Welcome to the first of Laurie (yes, that Laurie’s) guest blogs. Laurie is a talented, inspiring and sadly blogless soul, who has graciously spent several days getting together an awesome dyeing tutorial. Laurie has done so during this particular week knowing that I am a little busy right now. (Read: way, way over my head on the work stuff due March 1st. So far in over my head that I stayed at my mothers last night so that the kids and Mr. Washie couldn’t bug me.) Laurie’s decision to do this is a gift to both you, who will learn any number of very nifty new things, and to me…who may surface with my sanity (Stop that. I am too sane…) intact as a result. Feel free to ask Laurie questions in the comments, where she will be lurking about. Enjoy today’s installment, in which Laurie lets you know why throwing away those pantyhose last week is a decision you will live to regret.
Modest Disclaimer: I want to point out right here and now that I am not claiming any originality here. Deb Menz’s book on color, Hands On Dyeing, assorted websites and lists, Spin-Off and a fellow member of the Maine Spinner’s Registry are all sources for this information. In fact the member of the Maine Spinner’s Registry (whose name has, alas, fled my aging brain) freely shared the idea for the casings which I use. All I promise here is what I do to dye my rovings and a little of what I do with the roving after I have dyed it!
You need to start collecting things to get ready for dyeing with the gradual color shifts that show up in Steph’s birthday roving and socks (see July 5 for the adventure of Steph spinning this roving!). Start setting aside the pantyhose that have runs in them, all mayonnaise jars and glass juice jars with good tops, and those squeeze bottles for whatever you happen to squeeze. In order to dye the roving, you will need the objects in this picture, plus a BIG dye pot (preferably purchased on the cheap from Goodwill):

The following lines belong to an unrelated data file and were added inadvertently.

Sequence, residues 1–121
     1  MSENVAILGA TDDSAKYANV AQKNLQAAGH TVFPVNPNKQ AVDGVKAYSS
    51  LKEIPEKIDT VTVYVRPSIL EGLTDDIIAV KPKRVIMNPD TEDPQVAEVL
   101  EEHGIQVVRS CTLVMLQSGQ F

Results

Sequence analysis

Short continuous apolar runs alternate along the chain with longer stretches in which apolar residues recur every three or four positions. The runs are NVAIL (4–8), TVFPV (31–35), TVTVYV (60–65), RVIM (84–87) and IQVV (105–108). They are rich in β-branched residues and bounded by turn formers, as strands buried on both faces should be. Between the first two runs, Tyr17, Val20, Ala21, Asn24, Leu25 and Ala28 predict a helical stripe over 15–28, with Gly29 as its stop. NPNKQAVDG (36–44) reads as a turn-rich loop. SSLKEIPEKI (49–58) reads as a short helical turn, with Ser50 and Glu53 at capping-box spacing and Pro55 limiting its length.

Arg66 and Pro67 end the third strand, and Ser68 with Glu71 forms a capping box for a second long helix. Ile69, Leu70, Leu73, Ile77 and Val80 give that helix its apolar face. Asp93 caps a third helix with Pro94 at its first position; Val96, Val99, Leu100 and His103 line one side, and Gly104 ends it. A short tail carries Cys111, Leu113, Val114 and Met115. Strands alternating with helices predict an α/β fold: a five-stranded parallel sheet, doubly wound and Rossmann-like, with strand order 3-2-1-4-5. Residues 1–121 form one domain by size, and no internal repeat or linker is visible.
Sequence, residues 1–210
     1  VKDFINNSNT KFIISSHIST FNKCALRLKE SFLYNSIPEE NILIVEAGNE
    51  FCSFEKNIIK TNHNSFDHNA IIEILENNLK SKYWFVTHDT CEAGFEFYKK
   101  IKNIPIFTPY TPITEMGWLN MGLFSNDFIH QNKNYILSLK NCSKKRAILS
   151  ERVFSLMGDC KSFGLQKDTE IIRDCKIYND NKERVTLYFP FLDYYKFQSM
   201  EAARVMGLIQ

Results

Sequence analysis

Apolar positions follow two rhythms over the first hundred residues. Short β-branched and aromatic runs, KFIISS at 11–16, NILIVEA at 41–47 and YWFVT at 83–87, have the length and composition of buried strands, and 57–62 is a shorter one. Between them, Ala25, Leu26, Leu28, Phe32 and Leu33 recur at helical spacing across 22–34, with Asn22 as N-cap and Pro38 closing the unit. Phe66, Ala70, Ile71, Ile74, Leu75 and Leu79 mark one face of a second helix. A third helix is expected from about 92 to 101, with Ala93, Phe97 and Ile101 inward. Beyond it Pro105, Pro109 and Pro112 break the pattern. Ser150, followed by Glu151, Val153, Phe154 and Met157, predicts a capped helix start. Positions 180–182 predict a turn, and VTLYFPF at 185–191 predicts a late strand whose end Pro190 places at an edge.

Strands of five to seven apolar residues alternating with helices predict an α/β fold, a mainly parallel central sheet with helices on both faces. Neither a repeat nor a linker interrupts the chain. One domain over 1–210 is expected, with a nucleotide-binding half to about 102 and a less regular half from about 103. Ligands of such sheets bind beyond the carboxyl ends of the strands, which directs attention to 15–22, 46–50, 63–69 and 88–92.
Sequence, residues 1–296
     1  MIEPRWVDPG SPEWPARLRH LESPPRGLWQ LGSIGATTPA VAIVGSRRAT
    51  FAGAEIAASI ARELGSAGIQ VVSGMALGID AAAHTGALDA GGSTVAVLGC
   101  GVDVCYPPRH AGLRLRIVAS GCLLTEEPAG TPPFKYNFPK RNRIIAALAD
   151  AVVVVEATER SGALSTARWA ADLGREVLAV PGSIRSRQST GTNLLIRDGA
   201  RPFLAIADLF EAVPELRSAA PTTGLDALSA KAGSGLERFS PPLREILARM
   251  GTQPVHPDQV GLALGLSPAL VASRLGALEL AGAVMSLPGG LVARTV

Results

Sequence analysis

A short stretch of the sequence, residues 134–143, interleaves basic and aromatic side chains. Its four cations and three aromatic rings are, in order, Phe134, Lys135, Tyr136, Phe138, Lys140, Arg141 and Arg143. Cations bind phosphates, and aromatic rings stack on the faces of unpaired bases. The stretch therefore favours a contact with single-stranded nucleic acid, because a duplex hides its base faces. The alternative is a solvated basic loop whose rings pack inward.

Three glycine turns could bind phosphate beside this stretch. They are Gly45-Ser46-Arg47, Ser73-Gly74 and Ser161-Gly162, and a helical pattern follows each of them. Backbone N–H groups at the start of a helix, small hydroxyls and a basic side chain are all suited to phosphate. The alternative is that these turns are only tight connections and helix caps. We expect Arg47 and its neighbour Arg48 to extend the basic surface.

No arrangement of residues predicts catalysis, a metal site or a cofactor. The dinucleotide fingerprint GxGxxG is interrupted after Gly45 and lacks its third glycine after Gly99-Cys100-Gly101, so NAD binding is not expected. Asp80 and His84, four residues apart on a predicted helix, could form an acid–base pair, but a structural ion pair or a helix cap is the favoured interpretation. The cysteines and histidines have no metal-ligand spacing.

Clockwise from the lower right hand corner: newspaper for spills, spray bottle full of vinegar (acid dyes), your dyes (koolaid, cushings, Jacard Dyes, Country Classics, easter egg pellets, whatever), squeeze bottles of some sort to apply the dye, roving (white for clear colors, gray for jewel tones), rubber gloves, plastic wrap (yours need not be violet, mine is because of a spousal quirk), mask to protect you from breathing dye particles, and, most crucial of all, your casings for the rovings, i.e. pantyhose.
I am particularly fond of Cushings because some of their colors “break” interesting ways, that is, they spread into their constituent colors. The following are favs: Myrtle Green, Red Grape, Peacock (doesn’t break, but a great blue with just a hint of green), Olive Green, Purple, Rust (for folks who like oranges and browns). Among the Jaquard dyes, I really like Gold Ochre, which is a dark yellow that goes well with the colors above. Country Classics makes a great purple-fuschia called Raspberry and a true Teal.
The following items are useful but not necessary:
The strainer and the funnel are useful for getting various fluids, water and dye respectively, to go where you want them to go. (Actually the funnel verges on essential for getting your dyes from the jars where you mix them into the squeeze bottles you will need to apply them. You can pour the dye mixture, but that process can get VERY messy.) Synthrapol helps the dye to penetrate your fibers, but you can use a teaspoon or so of dishwashing liquid to much the same effect. You can also guesstimate the roving amounts rather than using a scale. I use the scale because I know that I need about 2 ounces of roving per pantyhose leg in order to have enough wool for socks. You can get pretty close by balancing your amount of roving against a 50g skein of wool – just close your eyes and hold one in each hand. Switch if you are unsure.
I use either prepared roving, the creamy bluefaced Leicester in the picture above, or my own combed wool, usually some form of Romney cross. Generally I prefer my own combed wool, especially when I can get gray wool. If the dye does not completely take, gray shows through less garishly than does cream or white. Also Romney wool is generally quite lustrous, and I prefer the way the colors look with the shine. Romney is a pretty strong wool and so wears well for socks.
Next up – Combing and Dizzing, or the Thrills of Using Sharp Objects and Pulling Wool through Holes